Birthday on the Fly Part 1: Farm Creek

This is Part 1 of an epic day of guided fly fishing that my brother and I enjoyed during the first full weekend of Autumn. We were celebrating both of our birthdays (just 20 days apart) on two of the most scenic creeks in the Shenandoah Valley. The first was entirely private water, crystal clear, incredibly handsome with gentle bends, steep banks and absolutely stacked with rainbow trout. The other was off-colored from a little rain, mysterious with undulating weeds and surrounded by pasture, a true spring creek that promised big browns for the very skillful. I’m not going to give up the name of the first creek where we did our morning’s fishing. Sorry but you know how it is. Lets just call it “Farm Creek.”

Mossy Creek Fly Fishing already provides you with detailed and useful information on their website, but on the water I was reminded that nothing beats one-on-one time and instruction. Our guide, Jess, was knowledgeable, patient and willing to let us fish our way when it was right, and providing advice when our way was wrong.

Starting before dawn, we were able to get to “Farm Creek” from DC in just under X hours. Within a few minutes of meeting Jess we were set up and casting streamers into pools about fifty yards from each other. After just four or five casts my brother hooked up with his biggest rainbow ever, and it wouldn’t be his largest of the day. On my third cast I had my largest rainbow to date as well, and what would be the biggest of my day. I glanced at upstream at my brother who was hooked up again…and then I looked up into the bluebird morning sky and whispered a prayer of thanks. If this was the only fish we caught all day, I would be a happy man.

Fortunately, we had a banner morning of fishing, slowly working our way upstream casting into pools and riffles. With spring creek like conditions, we had to do some crouching to fish the shallower glides, but it gave us some wonderful moments to observe fish behavior. The large rainbows would jockey for position in the holding lies, chasing out the smaller trout.

Jess remarked that he was worried that the cold front that passed through the night before would shut the fish down–it usually did. But in this case, it had really turned them on. Even as the sun climbed higher, the ‘bows remained active, feisty, darting in and out of the shadows. By the time we stopped for lunch, my hand was sore and my eyes were glazed over. I kept telling myself not to take a single minute for granted. And isn’t that what celebrating a birthday is all about, a time to live in the moment and give thanks for all that has come before and all that will come next?

Connecticut Slam

I had the pleasure of visiting nearby NE Connecticut (Stafford Springs) for a long weekend. My wife and her friends were hitting estate sales before the spring Brimfield show and so I had the perfect excuse to sneak away for days of fishing. We stayed at Angelina’s Innkeepers Inn in Stafford Springs. Our second visit with her–was delightful. Angelina makes a mean “hooligan’s pancake” (a Finnish pancake called “pannukakku”) and her stories are endless. She’s a treasure trove of info on antiquing and “picking” the area. Sadly, she sold the place and we’ll miss her hospitality next fall when we come up for the next Brimfield.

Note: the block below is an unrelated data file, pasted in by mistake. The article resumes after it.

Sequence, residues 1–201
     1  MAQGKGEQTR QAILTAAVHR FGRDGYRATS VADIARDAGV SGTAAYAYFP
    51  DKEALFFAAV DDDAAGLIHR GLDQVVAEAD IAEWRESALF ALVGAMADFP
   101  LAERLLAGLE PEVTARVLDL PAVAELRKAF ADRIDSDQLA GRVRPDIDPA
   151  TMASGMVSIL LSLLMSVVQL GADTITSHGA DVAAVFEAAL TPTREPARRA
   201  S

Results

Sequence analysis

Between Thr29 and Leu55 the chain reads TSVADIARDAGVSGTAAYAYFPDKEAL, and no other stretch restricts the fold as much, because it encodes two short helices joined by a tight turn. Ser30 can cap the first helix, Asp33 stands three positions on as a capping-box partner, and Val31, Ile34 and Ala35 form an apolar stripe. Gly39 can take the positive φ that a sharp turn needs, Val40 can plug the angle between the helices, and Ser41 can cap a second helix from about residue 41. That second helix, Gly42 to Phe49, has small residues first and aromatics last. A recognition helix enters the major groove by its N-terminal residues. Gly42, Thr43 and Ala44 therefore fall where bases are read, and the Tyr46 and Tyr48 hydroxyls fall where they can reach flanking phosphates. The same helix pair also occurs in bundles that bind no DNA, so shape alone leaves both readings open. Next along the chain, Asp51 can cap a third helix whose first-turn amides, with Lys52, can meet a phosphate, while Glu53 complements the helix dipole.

In my exploration of the area, and from tips from CT Fish Talk forums, I decided upon the nearby Nipmuck State Forest area and two lakes: Bigelow Hollow and Mashapaug. Both are called ponds, but at a combined 60+acres I’d say they qualify as lakes. Both are stocked with trout (Rainbow, Brown) and Mashapaug holds Walleye.

Since I was shore fishing, I targeted trout and bass. My goal was a brown trout especially. A slam (rainbow, brown, and bass)…a grand slam (add Walleye) was out of reach as these are found deep and targeted at night. Armed with some intel from JT’s Fly Shop in Union, I hit both lakes over three days. The results were excellent, with a nice variety of fish each day (rainbow, brown, LM, perch, pumpkinseed, crappie).

I actually caught and released about twenty ‘bows over the course of the weekend in vary lengths. I found them taking powerbait, and worms in deep coves and on flats too. There is no minimum size for trout in CT and a limit of 5 per day. So when I finally got into the bigger ones–13″ or more, I kept a limit. We grilled them up for dinner!

The next day at Mashapaug, I hiked several coves until settling on fishing a point on Rock Island with a 30′ flat running into a drop off. My guess was the trout were in the deeper part off the cove and that they may occasionally forage the flat–they did not disappoint me! I watched two browns swim in and just as I was casting out got a backlash! I pulled my secondary rod with a superworm on it but a couple of nibbles and the trout spit it. I retied and cast a texas-rigged crawler and BAM the trout nailed it, put up a good fight, tail-walked a bit and I got it in. My first brown trout! It came in at about 20″, my guess, 4-5 lbs. I was catch-and-release that day so he got to go back in the drink–maybe he’ll become a trophy brown some day.

I ended the trip on the third day with more rainbows, perch and a 10″ largemouth bass. I can’t wait to go back in the fall and fish for the browns again though.